Remember when Jennifer Laycock of The Lactivist was stomped on by Big Pork for selling a T-shirt saying “The other white milk“?
“Your use of this slogan also tarnishes the good reputation of the National Pork Board’s mark, in light of your apparent attempt to promote the use of breastmilk beyond merely for infant consumption”,
the Pork Board whined, with a side serve of insinuation that The Lactivist was a sexual lactation fetish site. (Or were they really, truly freaked out that she is just fine with toddlers and preschoolers breastfeeding, not just infants – and thought that that any association with all that booby malarkey would reflect badly on an organisation that intensively tortures pigs before making them into bacon? We’ll never know.)
As Jennifer said at the time;
Apparently the National Pork Board is worried that someone might come to my breastfeeding blog, check out the shirts and worry that when I say “white milk” what I really mean is “thick and juicy, straight from the hog PORK.”
After a to-and-fro and a few activist letters, the Porkies backed down – and instituted a voluntary fund-raising campaign among its staff to gather donations for the Mother’s Milk Bank of Ohio, the cause Jennifer was selling the shirts for in the first place.
Now it’s the turn of Alaskan batik artist and breastfeeding advocate Barbara Holmes. Several years ago, she made ten of these T-shirts, and sold six of them, at her tiny webstore Mountntop Designs.
Holmes now has a letter of demand from the California Fluid Milk Processor Advisory Board to send them all the T-shirts, all the equipment used to make the T-shirts, an accounting of the profits generated by the T-shirts; and a demand that she destroy all depictions of the T-shirts. Yes – they want to confiscate some old wax and a bucket.
Ms Holmes is resisting the demands, her Talkeetna lawyer Paul Bratton claiming that it is a fair use parody of the Californian cows milk slogan, and that confusion between the products is unlikely.
Language Log gets in on the act:
Do the two phrases really sound alike? CMPB’s lawyers say they do:
The phrases ‘got breastmilk’ and ‘got milk?’ are similar except for the addition of the word ‘breast.’ This difference is not enough to eliminate the likelihood that consumers will be confused about the origin of the products.
Hmm. Got Milk? has 7 phonetic sounds; Got Breastmilk? has 12. This means that 42% of the sounds are different. I haven’t done a distinctive feature analysis on the two phrases but it would likely show an even greater difference, based on the additional phonetic features that “breast” would add.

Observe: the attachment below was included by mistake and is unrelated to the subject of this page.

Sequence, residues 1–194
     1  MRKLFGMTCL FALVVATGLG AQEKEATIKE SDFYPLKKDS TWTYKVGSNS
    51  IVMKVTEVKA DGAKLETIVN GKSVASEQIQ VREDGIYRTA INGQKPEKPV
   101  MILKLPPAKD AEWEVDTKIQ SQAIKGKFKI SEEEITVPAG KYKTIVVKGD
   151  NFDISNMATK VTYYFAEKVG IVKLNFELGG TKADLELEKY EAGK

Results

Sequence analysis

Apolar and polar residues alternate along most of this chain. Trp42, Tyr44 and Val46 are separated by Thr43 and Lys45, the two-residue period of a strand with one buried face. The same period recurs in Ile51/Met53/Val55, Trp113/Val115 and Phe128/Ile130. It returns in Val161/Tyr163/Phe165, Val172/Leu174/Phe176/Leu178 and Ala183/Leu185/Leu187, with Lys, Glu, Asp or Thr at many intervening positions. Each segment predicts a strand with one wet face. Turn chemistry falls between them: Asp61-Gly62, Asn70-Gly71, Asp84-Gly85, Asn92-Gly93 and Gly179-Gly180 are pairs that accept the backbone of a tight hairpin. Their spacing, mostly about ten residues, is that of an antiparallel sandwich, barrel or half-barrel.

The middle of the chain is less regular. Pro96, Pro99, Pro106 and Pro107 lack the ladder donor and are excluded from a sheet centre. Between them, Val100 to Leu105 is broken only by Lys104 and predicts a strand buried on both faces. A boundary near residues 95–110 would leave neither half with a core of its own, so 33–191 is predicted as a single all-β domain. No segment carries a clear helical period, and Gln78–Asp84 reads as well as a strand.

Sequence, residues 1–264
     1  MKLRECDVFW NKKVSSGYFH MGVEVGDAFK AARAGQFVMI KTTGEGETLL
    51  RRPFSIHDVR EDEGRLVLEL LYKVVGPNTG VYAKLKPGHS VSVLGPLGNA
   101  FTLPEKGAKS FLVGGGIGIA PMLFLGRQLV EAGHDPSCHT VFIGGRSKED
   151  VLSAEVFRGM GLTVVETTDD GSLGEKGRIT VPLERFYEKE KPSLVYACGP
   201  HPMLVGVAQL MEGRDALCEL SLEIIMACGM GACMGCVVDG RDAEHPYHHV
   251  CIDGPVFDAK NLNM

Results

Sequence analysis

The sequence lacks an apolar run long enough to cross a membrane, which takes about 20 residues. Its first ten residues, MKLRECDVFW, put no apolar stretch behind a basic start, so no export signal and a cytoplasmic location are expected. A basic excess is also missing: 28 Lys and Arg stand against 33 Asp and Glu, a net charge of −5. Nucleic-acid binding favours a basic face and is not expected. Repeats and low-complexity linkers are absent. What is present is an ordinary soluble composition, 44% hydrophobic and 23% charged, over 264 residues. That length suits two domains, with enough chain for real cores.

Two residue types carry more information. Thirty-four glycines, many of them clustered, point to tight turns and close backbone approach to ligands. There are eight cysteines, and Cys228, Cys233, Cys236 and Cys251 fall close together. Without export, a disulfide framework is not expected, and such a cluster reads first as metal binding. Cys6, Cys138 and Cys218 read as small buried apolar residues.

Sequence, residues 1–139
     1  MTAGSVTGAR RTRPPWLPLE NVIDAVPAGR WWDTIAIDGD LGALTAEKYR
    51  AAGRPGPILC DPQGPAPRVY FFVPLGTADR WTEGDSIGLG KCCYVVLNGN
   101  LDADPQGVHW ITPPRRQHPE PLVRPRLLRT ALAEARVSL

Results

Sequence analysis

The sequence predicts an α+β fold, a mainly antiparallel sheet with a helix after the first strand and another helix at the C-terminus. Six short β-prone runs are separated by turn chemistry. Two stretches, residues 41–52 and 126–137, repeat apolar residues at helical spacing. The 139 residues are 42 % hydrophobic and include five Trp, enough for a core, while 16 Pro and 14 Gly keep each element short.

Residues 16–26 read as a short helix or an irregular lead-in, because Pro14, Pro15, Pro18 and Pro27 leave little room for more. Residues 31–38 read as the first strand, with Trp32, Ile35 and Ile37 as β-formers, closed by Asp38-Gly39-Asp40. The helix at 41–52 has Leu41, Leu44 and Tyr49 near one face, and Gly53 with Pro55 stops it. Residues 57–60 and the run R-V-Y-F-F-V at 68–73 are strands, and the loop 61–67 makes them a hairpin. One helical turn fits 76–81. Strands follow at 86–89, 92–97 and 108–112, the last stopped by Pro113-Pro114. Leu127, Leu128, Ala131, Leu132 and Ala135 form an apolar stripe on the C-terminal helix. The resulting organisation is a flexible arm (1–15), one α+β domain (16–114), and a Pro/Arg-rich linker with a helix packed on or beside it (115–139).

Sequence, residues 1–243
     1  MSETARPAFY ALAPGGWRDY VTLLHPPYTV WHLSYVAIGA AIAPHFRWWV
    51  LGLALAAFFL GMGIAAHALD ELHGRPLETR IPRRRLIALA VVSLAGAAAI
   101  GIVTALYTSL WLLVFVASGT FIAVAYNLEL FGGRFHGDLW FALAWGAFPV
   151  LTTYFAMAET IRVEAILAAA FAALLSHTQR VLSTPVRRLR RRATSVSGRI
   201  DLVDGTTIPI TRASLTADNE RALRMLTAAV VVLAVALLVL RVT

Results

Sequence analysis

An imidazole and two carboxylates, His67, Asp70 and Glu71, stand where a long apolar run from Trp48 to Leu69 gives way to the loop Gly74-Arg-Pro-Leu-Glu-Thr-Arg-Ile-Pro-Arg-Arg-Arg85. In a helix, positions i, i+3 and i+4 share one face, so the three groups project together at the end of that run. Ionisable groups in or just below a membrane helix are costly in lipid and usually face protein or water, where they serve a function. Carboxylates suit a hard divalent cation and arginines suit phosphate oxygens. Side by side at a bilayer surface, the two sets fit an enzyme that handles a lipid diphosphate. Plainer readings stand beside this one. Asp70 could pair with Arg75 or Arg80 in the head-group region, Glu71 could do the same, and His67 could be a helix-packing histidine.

“They say I’m going to confuse milk consumers. How can you get confused between a boob and a bottle of milk from the store? They’re two different kind of jugs.”
I had a poke around the TESS Trademark Search site. They haven’t even trademarked in the area of T-shirts, as far as I can see. (Perhaps I’m missing something?) I can see trademarks by the Californian Board in the areas of ornamental novelty magnets, sunglasses, eyeglass cases, CD hodlers, posters, signs, paper banners, bumper stickers, folders, stickers, notepads, paper tableclothes, pencils, erasers, pens, coffee cups, plastic cups, drinking glasses, thermal mugs, gold balls, stuffed toys, and “association services provided to fluid milk producers in the state of California; namely, the advertising and promotion of the sale and use of fluid milk.” Don’t T-shirts fall into a different class? And I think “milk” here can safely be assumed to entail “cow’s milk” and cow’s milk only; they’re not marketing yak milk or echidna milk or human milk.
But there’s yet one more dimension to this little fooferaw. I paid a visit to the California milk marketing board’s website, and had a squiz at their merchandise. Surprise, surprise, I found this, an (bisphenol-A laden) Evenflo infant feeding bottle with a “Got milk?” logo.
This feeding bottle advertisement appears to be designed to promote the drinking of cows’ milk by babies, in contravention of local USAn infant health guidelines. Both the bottle promotion and the pushing-cowsmilk-to-babies contravenes the International WHO Code for the marketing of breastmilk substitutes. Though the USA voted against the Code in 1981, thirteen years later the Clinton administration did endorse it – but it has never been enforced there.
Can’t help wondering what’s really motivating their campaign against breastfeeding advocates, hm?